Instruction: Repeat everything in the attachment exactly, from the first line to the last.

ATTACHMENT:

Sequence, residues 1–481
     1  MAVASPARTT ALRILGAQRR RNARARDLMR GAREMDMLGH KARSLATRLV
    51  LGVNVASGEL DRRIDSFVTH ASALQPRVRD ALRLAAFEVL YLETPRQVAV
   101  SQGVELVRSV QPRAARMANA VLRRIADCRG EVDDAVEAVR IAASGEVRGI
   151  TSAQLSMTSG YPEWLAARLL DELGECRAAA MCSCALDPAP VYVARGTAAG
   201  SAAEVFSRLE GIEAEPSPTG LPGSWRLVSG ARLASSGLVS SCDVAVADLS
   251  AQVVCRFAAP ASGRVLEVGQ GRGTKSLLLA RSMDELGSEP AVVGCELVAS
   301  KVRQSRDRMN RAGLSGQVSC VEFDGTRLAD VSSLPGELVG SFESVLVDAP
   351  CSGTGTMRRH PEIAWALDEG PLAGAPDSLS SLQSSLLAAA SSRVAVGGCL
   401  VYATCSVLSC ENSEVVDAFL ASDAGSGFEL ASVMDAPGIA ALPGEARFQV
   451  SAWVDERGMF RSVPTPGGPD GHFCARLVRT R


Sequence, residues 1–481
     1  MAVASPARTT ALRILGAQRR RNARARDLMR GAREMDMLGH KARSLATRLV
    51  LGVNVASGEL DRRIDSFVTH ASALQPRVRD ALRLAAFEVL YLETPRQVAV
   101  SQGVELVRSV QPRAARMANA VLRRIADCRG EVDDAVEAVR IAASGEVRGI
   151  TSAQLSMTSG YPEWLAARLL DELGECRAAA MCSCALDPAP VYVARGTAAG
   201  SAAEVFSRLE GIEAEPSPTG LPGSWRLVSG ARLASSGLVS SCDVAVADLS
   251  AQVVCRFAAP ASGRVLEVGQ GRGTKSLLLA RSMDELGSEP AVVGCELVAS
   301  KVRQSRDRMN RAGLSGQVSC VEFDGTRLAD VSSLPGELVG SFESVLVDAP
   351  CSGTGTMRRH PEIAWALDEG PLAGAPDSLS SLQSSLLAAA SSRVAVGGCL
   401  VYATCSVLSC ENSEVVDAFL ASDAGSGFEL ASVMDAPGIA ALPGEARFQV
   451  SAWVDERGMF RSVPTPGGPD GHFCARLVRT R